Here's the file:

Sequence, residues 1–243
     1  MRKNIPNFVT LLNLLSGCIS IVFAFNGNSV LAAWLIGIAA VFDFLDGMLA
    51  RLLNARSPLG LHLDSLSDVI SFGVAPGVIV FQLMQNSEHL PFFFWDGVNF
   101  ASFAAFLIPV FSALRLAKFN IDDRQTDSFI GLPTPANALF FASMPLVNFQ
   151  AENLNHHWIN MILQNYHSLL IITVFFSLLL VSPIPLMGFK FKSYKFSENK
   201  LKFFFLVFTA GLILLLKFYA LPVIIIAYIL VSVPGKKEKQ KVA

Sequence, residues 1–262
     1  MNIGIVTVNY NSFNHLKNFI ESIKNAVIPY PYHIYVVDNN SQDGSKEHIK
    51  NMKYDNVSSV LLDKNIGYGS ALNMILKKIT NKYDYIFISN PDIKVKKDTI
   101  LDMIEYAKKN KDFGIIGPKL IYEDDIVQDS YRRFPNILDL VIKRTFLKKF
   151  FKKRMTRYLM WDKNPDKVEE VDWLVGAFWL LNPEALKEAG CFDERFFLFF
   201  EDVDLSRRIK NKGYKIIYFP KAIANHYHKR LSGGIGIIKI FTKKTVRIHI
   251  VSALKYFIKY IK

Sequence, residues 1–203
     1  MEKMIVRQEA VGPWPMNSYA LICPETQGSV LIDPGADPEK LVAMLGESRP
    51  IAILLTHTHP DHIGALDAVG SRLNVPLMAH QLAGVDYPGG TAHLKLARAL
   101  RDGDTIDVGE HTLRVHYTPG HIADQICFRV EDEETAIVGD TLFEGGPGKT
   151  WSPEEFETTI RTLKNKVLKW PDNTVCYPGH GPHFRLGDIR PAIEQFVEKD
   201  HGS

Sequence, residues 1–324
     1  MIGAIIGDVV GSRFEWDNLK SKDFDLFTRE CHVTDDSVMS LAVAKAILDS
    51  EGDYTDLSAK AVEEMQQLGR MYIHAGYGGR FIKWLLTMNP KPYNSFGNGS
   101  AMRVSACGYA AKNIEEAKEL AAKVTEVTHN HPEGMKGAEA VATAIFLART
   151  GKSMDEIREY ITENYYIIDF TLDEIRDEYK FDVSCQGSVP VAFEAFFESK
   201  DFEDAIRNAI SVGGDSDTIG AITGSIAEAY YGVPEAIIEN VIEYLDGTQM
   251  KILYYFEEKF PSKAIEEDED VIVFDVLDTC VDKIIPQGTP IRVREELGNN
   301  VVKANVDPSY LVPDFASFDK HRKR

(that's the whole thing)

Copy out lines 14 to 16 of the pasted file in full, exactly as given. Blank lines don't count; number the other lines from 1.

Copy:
Sequence, residues 1–203
     1  MEKMIVRQEA VGPWPMNSYA LICPETQGSV LIDPGADPEK LVAMLGESRP
    51  IAILLTHTHP DHIGALDAVG SRLNVPLMAH QLAGVDYPGG TAHLKLARAL